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A Tale of Two Storms by Derek Finch on Flickr, used under a Creative Commons licence

We’ve had a storm here for the last four days. It kind of matched my mood. For reasons, September was much less productive than it should have been. I don’t want to even tell you my word count, because it sucked. I got really stuck on one of the two short stories I wrote for the Goodreads BDSM Group’s Kink in Ink event. It shouldn’t have taken a month to write fewer than 7,000 words, and yet this is a thing that happened.

One of those reasons was having my left upper back molar give up the ghost against a vicious bacterial infection and make me feel like my face was being hit with a sledgehammer for a week. It’s dead now. The tooth, not my face. I ended up having to get a root canal. Whee! I totally could not afford that, but at least the drugs were good.

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It was the first time I haven’t cried at the dentist, thanks to a traumatic childhood extraction of my four eye teeth with no anaesthetic. Photo by Andres Rueda on Flickr, used under a Creative Commons Licence.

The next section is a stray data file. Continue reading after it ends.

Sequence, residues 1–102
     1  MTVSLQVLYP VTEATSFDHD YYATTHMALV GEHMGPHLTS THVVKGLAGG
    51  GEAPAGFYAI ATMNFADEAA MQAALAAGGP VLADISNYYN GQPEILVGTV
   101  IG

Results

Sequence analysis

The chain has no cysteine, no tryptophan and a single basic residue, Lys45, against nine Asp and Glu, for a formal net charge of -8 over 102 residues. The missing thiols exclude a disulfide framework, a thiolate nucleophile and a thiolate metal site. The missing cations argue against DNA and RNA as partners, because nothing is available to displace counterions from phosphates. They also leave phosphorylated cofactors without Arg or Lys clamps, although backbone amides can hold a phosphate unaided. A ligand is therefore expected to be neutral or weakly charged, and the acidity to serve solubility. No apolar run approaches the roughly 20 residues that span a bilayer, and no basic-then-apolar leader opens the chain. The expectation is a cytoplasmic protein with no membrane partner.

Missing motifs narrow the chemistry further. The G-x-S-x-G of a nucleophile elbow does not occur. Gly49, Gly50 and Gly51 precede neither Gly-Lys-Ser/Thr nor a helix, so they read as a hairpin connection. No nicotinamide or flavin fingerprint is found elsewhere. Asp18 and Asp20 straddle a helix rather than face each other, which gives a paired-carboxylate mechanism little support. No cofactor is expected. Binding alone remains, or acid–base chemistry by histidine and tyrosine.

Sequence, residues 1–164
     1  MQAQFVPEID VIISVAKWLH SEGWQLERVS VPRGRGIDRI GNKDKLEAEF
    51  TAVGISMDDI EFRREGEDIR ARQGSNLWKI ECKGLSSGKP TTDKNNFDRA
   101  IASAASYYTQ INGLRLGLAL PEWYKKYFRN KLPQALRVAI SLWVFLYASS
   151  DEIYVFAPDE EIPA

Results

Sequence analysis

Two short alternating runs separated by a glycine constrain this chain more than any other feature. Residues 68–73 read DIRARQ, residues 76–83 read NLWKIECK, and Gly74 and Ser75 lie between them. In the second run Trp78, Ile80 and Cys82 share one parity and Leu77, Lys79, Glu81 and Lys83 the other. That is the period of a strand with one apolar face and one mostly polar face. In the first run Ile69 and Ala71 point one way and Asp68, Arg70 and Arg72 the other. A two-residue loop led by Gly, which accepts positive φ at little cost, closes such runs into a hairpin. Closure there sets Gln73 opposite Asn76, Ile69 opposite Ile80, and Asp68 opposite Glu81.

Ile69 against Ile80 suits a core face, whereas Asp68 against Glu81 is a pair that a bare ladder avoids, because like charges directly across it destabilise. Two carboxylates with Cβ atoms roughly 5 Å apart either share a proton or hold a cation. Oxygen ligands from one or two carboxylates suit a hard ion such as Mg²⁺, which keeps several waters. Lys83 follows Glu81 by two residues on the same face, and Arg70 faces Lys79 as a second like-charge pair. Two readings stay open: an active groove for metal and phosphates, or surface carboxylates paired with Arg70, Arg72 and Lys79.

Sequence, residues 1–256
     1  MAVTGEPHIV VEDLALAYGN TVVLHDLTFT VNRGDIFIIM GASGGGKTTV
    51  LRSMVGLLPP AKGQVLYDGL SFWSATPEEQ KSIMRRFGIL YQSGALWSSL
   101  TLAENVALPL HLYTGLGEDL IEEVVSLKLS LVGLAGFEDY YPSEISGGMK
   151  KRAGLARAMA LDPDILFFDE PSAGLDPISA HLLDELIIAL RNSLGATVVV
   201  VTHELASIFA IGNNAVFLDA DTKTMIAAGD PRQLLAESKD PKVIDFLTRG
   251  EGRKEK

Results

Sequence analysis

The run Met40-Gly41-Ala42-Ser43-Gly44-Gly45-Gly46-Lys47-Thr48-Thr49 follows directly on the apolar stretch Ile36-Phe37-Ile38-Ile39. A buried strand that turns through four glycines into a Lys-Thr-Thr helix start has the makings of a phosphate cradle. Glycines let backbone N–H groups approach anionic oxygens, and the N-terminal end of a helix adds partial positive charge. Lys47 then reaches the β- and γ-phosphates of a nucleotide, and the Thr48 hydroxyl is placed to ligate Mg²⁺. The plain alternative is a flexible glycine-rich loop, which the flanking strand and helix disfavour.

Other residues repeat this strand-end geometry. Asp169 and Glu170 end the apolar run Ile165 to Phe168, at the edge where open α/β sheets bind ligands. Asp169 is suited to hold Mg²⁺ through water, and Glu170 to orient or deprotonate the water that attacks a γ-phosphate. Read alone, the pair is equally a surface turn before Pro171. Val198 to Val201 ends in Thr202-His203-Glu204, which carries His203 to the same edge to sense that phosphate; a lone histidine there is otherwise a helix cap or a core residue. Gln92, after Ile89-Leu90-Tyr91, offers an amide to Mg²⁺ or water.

And at least both stories are finished now. One is m/m gun play, and the other is m/f. M/f , you say? I know, right?  All feedback will be appreciated, because it’s a newish thing for me. I have an m/f romance novella on Amazon too (not as M. Caspian), but no-one has reviewed it (barely anyone has read it). I’ll let you know when the stories are released. Initially you’d have to join the BDSM group to read them, but I’m going to put them both out on Amazon in December. I’m thinking of doing a book of short stories. I have the prequel to Arroyo in rough draft, so maybe that would be good motivation to polish it up.

So my goal for October is to be much more focused and productive. Leo Babauta of Zen Habits has a great list of strategies to help with focus.The most important – at least, the one I need to work on the most – is:

  • Get going on your task. Do nothing but that one task. Don’t switch to another task.

I switch tasks a lot (hence why I have to write down the task I’m supposed to be doing at any one time.) If I don’t keep rigid focus I shake myself from an internet daze and discover I’m researching the history of Saint Benedict (this happened today and derailed me for an hour).

But getting sidetracked is nothing compared to my biggest flaw: listening to YouTube Let’s Plays while I work. As I write this I’m listening to Morphologis play Osiris: New Dawn (which, frankly, is the game No Man’s Sky should have been. Sandworms, people, sandworms! And giant arachnoids!)